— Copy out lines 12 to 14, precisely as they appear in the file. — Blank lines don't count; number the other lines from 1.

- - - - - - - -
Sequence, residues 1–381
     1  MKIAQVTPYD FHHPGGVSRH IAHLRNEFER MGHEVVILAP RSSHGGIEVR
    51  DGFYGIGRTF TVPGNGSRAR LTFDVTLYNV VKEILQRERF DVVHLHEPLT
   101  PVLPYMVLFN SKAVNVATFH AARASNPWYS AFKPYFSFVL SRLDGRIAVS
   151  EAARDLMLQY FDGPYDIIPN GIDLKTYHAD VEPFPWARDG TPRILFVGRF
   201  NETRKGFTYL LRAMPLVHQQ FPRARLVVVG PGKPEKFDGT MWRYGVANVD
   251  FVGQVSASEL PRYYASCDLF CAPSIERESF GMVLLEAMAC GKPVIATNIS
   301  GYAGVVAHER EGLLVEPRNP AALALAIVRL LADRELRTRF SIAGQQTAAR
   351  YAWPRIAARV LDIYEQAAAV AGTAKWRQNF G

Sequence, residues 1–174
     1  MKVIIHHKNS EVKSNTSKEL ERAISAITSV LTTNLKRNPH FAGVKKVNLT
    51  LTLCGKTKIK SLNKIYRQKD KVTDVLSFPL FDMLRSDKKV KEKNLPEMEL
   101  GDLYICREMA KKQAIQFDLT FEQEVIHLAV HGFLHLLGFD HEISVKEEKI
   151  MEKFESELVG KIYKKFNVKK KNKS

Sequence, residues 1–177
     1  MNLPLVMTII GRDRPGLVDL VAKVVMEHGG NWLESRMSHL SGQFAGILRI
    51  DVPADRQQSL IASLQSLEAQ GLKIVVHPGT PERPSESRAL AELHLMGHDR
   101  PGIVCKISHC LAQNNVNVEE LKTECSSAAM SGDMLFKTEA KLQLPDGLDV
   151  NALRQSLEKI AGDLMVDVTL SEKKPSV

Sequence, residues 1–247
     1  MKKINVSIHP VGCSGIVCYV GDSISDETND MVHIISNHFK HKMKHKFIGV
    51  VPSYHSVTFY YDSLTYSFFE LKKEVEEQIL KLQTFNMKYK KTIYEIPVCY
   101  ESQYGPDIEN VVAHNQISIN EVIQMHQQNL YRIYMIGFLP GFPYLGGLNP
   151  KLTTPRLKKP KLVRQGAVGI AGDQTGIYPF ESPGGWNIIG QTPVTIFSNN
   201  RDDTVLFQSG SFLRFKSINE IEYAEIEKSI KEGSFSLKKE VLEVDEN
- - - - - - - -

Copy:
    51  LTLCGKTKIK SLNKIYRQKD KVTDVLSFPL FDMLRSDKKV KEKNLPEMEL
   101  GDLYICREMA KKQAIQFDLT FEQEVIHLAV HGFLHLLGFD HEISVKEEKI
   151  MEKFESELVG KIYKKFNVKK KNKS